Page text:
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Bridges in Medford. by John H. Hooper. [Read before The Medford Historical Society.] The bridge at Mistick. THE first bridge across Mistick river was built upon the location of the present Cradock bridge, it being the most easterly place, where the land on each side of the river afforded the best means of approaching thereto. The date of its construction is unknown; it was the work of Governor Cradock's agent, and was built of wood, 154 feet 5 inches long, and about 10 feet wide, and was raised about 3 feet above marsh level; its approach on the south side of the river over the marsh was by means of a causeway. The town of Charlestown brought a suit against Governor Cradock's agent for obstructing the river with a bridge, to the hindrance of boats, and exacting toll for cattle that passed over the bridge, and appointed a committee to prosecute the suit, and also appointed parties to attend court as witnesses. Charlestown records say that on the 26th of the 10th month
The roads of old Medford. by John H. Hooper. （Read before the Medford Historical Society, Jan. 17, 1898.) THERE can be no doubt but that the early paths or roads of Old Medford were located substantially where our great highways now are, and it is probable that in many cases they followed the old Indian trails along the banks of the river and out into the country. The territory about Mistick river was the favorite dwelling-place of the Pawtucket tribe of Indians, whose hunting-grounds extended as far east as Piscataqua, and as far north as Concord, on the Merrimac river. The nearest, and in fact the principal, land route between Salem and the other settlements on the eastern coast of New England, and Charlestown, Boston, and the other settlements on the south shore of Massachusetts bay, was through Medford by the way of what are now known as Salem, South, and Main streets, crossing the river at the ford, or, after the building of Mistick bridge, over that bridge. It is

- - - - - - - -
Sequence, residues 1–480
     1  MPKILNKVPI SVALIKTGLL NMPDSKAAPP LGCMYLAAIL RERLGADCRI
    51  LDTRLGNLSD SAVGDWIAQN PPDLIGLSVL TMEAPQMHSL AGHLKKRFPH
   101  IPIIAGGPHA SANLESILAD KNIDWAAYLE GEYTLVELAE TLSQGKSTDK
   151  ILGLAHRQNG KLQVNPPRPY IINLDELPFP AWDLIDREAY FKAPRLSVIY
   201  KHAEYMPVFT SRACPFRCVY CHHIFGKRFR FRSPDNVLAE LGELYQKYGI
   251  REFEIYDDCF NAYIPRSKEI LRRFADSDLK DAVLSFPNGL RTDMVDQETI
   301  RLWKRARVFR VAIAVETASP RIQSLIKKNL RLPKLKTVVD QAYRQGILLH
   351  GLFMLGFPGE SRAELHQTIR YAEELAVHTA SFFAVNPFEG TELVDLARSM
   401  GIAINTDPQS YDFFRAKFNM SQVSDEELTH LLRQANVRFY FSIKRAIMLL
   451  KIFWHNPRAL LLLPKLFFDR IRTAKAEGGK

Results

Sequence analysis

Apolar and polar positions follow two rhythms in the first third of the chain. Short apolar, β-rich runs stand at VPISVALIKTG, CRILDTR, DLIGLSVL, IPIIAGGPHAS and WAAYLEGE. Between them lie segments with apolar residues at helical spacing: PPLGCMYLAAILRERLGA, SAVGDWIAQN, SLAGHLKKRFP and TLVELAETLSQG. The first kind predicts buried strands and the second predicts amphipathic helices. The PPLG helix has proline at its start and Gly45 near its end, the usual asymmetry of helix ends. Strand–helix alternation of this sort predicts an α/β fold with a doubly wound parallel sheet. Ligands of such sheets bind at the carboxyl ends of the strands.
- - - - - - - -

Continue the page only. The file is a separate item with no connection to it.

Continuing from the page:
Programme for the year. October 16.—Social Meeting. November 20.—The Second Church and Mystic Church. Mr. Charles Cummings. December 18.—The Homes of the Puritans. Rev. T. F. Waters, President of the Ipswich Historical Society. January 15.—Benjamin Hall. Miss Helen T. Wild. February 19.—The Royall House and Farm. Mr. John H. Hooper. March 19.—Annual Meeting. April 16.—Slavery in Medford. Mr. Walter H. Cushing. May 2.—Not yet arranged. New members. (Number previously reported, 254.) Samuel N. Mayo. Mrs. H.